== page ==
economic-ratios-for-sustainability

Economic ratios for sustainability

Economic ratios can help us achieve a more sustainable future. To move towards a greener and environmentally friendly economy model, we need to make better use of resources, promote stability and competition, develop skills and reward work, and provide goods and services that meet the needs of consumers and minimize their impact on the environment.

Is economic growth the enemy of sustainability?

The traditional measure of economic performance is gross domestic product or GDP, which represents the total value of all goods and services produced by a nation during a given year. It is effectively a measure of traditional economic strength.

The economy of a nation has a significant effect on environmental problems. Energy consumption, pollution and waste are just some of the impacts of the economy on our society. But if we want maintain growth and increase economic strength, we must find a way to make practices that cause environmental problems less harmful to the environment.

One way to achieve this is through new initiatives and technologies that reduce some of the negative impacts.

Economic ratios: the necessary monitoring

Companies need a strong and stable economy as the basis for innovation and investment, on which future jobs depend. But you have to control the way that stability is ensured and the way growth occurs. Economic ratios are the instrument that can best help monitor what happens.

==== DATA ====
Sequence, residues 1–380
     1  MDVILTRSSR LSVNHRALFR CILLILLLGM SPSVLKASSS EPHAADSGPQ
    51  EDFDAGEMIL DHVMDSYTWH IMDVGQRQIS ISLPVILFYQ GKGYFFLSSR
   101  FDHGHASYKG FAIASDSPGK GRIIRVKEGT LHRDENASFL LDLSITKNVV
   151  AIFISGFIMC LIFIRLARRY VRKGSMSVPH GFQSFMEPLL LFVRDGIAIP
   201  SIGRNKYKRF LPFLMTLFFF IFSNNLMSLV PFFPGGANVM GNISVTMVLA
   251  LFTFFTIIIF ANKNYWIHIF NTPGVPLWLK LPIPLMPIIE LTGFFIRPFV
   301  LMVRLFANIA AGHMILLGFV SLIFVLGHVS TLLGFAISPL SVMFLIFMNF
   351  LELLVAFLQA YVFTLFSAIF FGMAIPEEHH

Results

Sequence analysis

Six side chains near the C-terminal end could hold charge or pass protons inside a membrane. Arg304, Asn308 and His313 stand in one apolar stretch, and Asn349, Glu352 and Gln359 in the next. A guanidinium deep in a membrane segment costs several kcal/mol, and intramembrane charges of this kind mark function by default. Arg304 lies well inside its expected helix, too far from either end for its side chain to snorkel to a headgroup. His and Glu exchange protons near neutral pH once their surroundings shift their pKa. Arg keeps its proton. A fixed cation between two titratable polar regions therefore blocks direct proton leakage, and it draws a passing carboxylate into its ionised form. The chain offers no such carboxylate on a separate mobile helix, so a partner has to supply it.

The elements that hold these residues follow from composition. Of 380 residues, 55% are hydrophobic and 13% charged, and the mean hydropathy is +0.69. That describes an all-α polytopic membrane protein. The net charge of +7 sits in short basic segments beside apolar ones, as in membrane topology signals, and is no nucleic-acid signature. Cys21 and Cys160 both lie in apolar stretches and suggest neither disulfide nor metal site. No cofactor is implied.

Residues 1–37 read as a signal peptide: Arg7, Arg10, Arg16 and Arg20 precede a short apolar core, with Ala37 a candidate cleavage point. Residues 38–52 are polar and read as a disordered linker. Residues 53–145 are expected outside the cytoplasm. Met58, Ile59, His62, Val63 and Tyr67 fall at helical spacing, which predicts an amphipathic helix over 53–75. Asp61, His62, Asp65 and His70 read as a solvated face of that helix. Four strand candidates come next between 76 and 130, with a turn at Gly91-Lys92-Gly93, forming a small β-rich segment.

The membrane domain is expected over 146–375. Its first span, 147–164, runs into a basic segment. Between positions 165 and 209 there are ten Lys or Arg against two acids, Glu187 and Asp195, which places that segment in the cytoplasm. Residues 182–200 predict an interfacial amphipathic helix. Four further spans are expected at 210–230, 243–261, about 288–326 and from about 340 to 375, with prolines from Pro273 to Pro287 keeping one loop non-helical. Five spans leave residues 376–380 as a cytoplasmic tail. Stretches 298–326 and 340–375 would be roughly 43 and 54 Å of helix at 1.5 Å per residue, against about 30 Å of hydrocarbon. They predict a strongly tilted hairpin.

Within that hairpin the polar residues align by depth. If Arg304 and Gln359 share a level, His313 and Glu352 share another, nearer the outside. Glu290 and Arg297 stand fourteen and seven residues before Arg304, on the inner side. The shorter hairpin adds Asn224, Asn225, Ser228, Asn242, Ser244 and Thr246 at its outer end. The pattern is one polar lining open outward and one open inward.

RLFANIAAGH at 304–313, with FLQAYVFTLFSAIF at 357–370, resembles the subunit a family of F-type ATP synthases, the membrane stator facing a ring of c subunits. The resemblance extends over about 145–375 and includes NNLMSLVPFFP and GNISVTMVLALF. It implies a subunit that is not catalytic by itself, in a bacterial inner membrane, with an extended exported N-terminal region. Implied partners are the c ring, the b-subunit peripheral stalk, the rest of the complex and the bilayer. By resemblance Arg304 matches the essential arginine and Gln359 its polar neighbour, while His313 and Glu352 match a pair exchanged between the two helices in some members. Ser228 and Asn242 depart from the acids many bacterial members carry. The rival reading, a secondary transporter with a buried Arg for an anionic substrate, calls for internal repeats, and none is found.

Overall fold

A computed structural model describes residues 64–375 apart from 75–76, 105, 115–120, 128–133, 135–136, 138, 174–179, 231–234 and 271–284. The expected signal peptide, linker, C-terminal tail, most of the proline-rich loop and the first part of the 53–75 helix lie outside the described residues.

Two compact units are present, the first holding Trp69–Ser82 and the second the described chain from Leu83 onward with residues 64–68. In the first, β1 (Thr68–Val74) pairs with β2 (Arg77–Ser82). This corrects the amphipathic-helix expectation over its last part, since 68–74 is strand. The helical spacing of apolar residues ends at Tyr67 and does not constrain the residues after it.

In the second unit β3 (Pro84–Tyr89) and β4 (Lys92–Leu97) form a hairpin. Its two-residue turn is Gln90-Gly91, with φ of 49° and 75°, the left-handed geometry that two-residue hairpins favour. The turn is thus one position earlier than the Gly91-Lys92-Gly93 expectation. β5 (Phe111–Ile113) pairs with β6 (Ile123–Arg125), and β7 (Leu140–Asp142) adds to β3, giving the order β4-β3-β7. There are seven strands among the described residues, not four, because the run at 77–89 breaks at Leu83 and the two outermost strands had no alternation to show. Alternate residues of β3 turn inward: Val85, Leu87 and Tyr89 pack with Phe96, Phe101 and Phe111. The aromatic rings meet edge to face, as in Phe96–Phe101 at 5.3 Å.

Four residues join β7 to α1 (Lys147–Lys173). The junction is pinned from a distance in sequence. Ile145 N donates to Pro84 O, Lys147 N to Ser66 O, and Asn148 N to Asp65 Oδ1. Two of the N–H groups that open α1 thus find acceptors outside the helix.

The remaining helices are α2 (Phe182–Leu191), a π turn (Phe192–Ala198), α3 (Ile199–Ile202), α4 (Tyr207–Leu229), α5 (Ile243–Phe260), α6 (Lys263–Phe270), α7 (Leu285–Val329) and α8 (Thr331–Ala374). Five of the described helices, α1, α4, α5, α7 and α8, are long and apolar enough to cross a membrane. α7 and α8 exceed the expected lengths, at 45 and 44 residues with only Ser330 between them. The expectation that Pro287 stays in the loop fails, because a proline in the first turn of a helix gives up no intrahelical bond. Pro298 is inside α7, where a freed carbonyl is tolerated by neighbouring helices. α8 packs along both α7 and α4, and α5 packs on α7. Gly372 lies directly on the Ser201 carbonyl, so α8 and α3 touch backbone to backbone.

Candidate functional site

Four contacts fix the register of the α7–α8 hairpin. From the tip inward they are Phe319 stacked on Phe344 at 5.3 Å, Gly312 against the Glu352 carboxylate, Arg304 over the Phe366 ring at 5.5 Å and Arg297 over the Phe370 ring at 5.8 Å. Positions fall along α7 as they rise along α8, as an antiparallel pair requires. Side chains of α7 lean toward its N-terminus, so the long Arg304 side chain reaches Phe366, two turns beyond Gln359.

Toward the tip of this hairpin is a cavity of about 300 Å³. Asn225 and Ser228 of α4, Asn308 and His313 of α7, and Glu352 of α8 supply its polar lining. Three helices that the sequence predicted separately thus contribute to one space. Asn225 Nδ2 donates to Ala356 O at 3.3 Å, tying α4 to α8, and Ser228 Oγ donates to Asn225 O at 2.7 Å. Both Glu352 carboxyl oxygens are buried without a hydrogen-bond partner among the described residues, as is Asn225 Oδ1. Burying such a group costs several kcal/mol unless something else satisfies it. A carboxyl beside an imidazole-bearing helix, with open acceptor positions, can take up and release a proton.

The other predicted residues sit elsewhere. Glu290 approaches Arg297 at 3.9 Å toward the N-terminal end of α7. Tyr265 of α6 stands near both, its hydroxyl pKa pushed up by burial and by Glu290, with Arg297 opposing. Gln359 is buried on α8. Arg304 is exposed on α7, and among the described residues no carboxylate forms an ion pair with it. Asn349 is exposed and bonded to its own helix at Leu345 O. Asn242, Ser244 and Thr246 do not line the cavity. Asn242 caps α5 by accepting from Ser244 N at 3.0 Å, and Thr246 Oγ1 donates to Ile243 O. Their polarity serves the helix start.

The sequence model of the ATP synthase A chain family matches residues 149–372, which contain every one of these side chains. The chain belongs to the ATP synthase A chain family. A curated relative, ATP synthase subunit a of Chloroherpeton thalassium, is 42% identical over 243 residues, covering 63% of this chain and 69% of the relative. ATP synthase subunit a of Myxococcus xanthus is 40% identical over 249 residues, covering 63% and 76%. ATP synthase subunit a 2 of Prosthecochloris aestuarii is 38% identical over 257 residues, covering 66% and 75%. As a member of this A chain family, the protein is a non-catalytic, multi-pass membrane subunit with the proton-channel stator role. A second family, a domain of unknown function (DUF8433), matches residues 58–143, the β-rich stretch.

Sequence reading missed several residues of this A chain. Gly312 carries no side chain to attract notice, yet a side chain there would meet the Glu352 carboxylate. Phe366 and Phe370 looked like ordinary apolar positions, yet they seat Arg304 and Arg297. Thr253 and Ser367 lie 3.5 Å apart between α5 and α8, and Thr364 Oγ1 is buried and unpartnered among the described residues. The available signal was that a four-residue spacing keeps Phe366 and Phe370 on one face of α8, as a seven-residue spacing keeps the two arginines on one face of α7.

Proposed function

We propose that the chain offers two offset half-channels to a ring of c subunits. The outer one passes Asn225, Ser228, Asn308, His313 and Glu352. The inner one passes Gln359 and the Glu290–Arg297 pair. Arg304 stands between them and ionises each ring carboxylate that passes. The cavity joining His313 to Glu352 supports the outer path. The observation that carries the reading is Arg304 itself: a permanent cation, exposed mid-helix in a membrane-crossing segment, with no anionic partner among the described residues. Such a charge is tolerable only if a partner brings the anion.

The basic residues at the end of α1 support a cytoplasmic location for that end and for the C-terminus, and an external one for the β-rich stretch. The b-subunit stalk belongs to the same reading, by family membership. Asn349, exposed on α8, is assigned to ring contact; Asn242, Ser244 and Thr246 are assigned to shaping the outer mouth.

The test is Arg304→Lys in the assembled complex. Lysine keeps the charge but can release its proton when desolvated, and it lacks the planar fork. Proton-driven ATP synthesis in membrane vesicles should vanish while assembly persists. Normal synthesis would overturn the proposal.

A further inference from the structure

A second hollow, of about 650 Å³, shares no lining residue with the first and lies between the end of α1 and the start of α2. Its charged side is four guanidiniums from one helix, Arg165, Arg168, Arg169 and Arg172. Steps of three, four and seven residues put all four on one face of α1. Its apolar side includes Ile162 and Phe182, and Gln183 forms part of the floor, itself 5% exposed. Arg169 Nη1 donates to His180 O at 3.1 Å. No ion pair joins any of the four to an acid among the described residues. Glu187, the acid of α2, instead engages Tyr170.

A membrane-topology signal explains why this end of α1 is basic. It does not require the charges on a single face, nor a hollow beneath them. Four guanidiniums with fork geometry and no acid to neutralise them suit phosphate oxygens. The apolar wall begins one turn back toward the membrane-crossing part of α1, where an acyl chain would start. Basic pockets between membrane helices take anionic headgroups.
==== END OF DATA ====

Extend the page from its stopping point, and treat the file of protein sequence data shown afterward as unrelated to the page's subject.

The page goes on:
Total GDP and GDP per capita are good indicators of the relative strengths of the nations of the world. Economically stronger nations should perhaps take the initiative to address environmental problems.

Other indicators to consider are:

  • Investment in public, commercial and private assets.
  • Social investment.
  • Rate of inflation.
  • Government loan and debt.
  • Competitiveness / Productivity
  • Trade / exports / imports.

However, it is increasingly recognized that These traditional economic indicators alone do not provide an adequate measure of the sustainability of an economy.

To increase the visibility offered by these indicators, we need knowing how efficient our economy is, both in terms of the natural resources it consumes (and wastes) and in regard to the use of working capital. Some economic ratios and indicators that could help in this regard are:

  • Waste production and energy and water consumption.
  • Transport indicators
  • Education and employment
  • Level of consumer spending.

More indicators and economic and non-economic sustainability ratios

Business indicators

  • Percentage of organizations that have adopted sustainable development goals.
  • Business participation in school and civic events.
  • Percentage of companies that develop new products or services.
  • Percentage of entrepreneurs who start a new business.
  • Number of services, products and environmental technologies exported.
  • Percentage of GDP of secondary production and business services.